Festival Fun in Jaipur

Jaipur had much to celebrate this week. The Kanvar Yatra and the Teej Festival coincided in an explosion of music and colour that saw the Pink City at its festive best. Natural Mystic intern, Hannah, went to join the fun.

My first taste of the festivities began within moments of leaving my hotel. As my rickshaw passed under the majestic Chandpol gate, entering the bustling bazaars of the walled Old City, I was confronted by a sea of orange. Saffron-clad men and women filled the avenue as they made their way, singing and dancing, to the Shiva temple. The spectacle was a representation of the Kanvar Yatra, an annual Hindu pilgrimage to the holy waters of the Ganges River undertaken by devotees of Lord Shiva. We came to a halt in the crowd and the next thing I knew, several henna-decorated, bangled hands were pulling me from the rickshaw and I was being invited to dance with the other ladies at the centre of the throng. The atmosphere of excitement was so infectious that I felt not at all self-conscious as I tried to keep pace with the beat being laid down by the drummers. The women clapped and twirled with gusto and confetti filled the air.

 

It was a fantastic introduction to the Rajahstani capital, which continued to live up to its flamboyant reputation as the day wore on. I spent the morning viewing relics of Jaipur’s regal past. The City Palace, a complex of colourful courtyards and grand buildings, is an island of calm at the heart of the lively Old City. The maze of astronomical instruments that constitutes the Jantar Mantar is a fascinating testimony to the advanced level of scientific knowledge in the late 18th century. However, the famous Hawa Mantal stole the show with its fairy-tale, honeycomb structure and pink standstone walls. You are transported back in time as you wander its breezy passages and peer out its latticed windows.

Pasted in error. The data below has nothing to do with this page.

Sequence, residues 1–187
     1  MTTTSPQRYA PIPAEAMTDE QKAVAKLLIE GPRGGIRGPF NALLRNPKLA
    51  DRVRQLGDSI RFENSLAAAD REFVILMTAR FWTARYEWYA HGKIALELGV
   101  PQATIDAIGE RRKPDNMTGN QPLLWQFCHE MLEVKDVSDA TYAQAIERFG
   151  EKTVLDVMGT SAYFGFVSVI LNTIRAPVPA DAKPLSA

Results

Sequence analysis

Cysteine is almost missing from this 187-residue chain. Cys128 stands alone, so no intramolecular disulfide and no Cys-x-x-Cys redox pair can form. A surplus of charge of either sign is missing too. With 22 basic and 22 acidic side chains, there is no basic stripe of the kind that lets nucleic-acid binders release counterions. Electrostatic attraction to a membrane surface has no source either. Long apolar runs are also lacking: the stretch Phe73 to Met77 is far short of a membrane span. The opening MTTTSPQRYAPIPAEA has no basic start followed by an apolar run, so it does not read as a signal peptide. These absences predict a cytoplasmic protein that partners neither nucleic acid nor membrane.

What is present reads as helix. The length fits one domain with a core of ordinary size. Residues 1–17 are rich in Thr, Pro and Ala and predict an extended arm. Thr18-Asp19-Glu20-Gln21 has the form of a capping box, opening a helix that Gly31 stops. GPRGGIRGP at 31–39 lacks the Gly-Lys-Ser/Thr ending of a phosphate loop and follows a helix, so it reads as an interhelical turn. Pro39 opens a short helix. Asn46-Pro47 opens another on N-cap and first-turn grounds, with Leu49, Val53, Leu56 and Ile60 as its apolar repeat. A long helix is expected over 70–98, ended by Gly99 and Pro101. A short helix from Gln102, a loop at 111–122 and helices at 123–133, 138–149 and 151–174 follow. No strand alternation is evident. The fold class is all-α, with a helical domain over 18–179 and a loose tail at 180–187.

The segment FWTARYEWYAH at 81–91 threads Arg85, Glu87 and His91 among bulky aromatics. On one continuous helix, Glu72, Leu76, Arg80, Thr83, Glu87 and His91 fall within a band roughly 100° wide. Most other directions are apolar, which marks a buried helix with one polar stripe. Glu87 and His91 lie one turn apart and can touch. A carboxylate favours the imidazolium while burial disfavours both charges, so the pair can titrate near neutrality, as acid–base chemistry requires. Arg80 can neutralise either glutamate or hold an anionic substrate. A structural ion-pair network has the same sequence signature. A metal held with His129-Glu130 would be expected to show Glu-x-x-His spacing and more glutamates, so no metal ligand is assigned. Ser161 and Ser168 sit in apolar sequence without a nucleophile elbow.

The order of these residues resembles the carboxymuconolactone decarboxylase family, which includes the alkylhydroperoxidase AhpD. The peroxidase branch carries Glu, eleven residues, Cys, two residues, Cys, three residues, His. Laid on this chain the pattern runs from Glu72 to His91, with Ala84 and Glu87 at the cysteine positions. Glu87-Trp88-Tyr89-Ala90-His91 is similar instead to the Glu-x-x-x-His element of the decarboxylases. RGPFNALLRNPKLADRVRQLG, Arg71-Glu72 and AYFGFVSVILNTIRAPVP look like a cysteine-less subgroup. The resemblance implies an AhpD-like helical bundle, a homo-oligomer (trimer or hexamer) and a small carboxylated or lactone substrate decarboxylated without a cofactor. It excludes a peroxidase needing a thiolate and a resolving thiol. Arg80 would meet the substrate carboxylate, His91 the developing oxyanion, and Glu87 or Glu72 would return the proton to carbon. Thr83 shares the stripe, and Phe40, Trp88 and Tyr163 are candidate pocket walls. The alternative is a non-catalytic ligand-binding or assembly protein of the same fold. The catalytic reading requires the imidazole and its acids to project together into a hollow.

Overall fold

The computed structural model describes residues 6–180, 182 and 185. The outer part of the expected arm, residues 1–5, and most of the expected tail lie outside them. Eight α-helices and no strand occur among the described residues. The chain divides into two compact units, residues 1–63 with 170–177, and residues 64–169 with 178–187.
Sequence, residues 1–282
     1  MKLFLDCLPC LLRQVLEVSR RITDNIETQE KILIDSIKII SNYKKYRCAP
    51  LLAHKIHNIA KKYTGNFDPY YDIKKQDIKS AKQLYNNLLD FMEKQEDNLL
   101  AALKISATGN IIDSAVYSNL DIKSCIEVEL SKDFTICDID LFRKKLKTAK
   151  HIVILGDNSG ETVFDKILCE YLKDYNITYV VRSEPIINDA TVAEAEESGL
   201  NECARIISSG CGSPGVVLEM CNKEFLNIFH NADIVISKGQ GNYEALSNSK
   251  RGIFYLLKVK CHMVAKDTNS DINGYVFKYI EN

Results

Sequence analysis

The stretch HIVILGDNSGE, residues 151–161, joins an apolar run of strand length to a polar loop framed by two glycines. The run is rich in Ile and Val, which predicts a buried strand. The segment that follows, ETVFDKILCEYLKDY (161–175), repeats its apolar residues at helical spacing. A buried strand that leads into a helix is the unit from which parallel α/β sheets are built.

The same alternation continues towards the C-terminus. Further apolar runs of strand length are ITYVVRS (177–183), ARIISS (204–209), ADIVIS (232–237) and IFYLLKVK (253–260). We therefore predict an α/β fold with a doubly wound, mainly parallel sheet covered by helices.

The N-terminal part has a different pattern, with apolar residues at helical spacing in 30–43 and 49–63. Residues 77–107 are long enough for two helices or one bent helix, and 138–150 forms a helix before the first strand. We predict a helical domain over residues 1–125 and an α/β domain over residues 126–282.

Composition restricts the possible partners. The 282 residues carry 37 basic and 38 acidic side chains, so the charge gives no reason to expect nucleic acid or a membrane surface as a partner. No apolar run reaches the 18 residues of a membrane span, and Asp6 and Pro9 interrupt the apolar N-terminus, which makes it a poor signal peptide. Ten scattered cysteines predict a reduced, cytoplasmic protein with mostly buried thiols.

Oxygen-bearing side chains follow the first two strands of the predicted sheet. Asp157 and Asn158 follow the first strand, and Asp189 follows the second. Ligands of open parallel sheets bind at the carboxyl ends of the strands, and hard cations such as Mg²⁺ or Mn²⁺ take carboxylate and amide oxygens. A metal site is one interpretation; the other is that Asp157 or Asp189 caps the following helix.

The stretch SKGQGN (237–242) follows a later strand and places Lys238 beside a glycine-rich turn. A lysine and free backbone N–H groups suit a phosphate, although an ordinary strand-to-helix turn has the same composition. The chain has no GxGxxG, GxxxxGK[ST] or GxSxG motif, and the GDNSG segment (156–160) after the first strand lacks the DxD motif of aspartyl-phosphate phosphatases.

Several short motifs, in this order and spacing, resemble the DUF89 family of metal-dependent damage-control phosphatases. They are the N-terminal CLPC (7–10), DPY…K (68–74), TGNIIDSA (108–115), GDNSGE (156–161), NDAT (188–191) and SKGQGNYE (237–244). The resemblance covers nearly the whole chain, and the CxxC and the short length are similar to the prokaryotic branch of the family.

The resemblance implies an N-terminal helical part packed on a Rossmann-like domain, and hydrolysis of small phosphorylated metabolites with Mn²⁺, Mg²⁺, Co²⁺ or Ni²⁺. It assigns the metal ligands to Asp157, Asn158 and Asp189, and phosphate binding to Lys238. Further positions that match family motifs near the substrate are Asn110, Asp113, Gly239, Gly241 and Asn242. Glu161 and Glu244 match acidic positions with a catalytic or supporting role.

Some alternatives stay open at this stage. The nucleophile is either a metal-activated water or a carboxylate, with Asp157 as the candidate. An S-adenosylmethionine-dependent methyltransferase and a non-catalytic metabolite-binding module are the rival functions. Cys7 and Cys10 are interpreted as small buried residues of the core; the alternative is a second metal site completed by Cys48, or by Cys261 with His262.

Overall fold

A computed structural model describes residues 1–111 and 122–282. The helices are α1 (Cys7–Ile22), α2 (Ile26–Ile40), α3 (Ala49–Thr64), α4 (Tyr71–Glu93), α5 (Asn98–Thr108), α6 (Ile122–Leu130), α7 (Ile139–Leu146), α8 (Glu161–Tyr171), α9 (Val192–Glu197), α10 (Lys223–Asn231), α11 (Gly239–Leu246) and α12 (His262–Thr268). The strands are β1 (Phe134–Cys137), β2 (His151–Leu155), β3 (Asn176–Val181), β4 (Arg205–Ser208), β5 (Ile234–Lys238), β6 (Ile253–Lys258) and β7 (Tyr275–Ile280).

Jaipur’s famous Teej festivities kicked off that evening from Tripoliya gate. The festival commemorates Lord Shiva’s union with Goddess Parvati, whom is worshipped on this day by women seeking conjugal happiness. Women also rejoice the arrival of the monsoon, dressing up in green finery and sitting on flower-bedecked swings.  Crowds in their thousands started arriving in Tripoliya bazaar at least an hour before the legendary procession was due to begin and the air buzzed with anticipation. At six o’clock exactly, the music began and the festival was truly underway. Kalbeliya, Algoza, Bahrupia, Gair and Chakri performers, three brass bands, over forty elephants, bullock carts bearing canons, cavalry horses and camels all featured. This really is a great one for the kids: children could barely contain their excitement as they were invited to join the dancers in the procession. The palanquin of Goddess Parvati provided the finale. Truly spectacular.

Women watch the procession from the rooftops

Dancers

Elephants wait backstage

The finale

Samode Haveli

Between sightseeing, I escaped the heat and bustle at the tranquil Samode Haveli. A Natural Mystic favourite, this intimate heritage hotel features a stunning central courtyard, a mural bedecked dining hall and a huge turquoise pool. The perfect compliment to the lively city, guests can sip sherbat on the expansive Indian daybeds, unwind in the state-of-the-art spa or enjoy a cocktail at the poolside bar. The outstanding service ensures that your stay is a truly comfortable one.

Swimming pool

Original Dining Hall

Fancy a once-in-a-lifetime luxury trip to Jaipur? Check out the following section of our website: http://www.natmystic.com/tailor-made-holidays/india-holidays/rajasthan-in-style/

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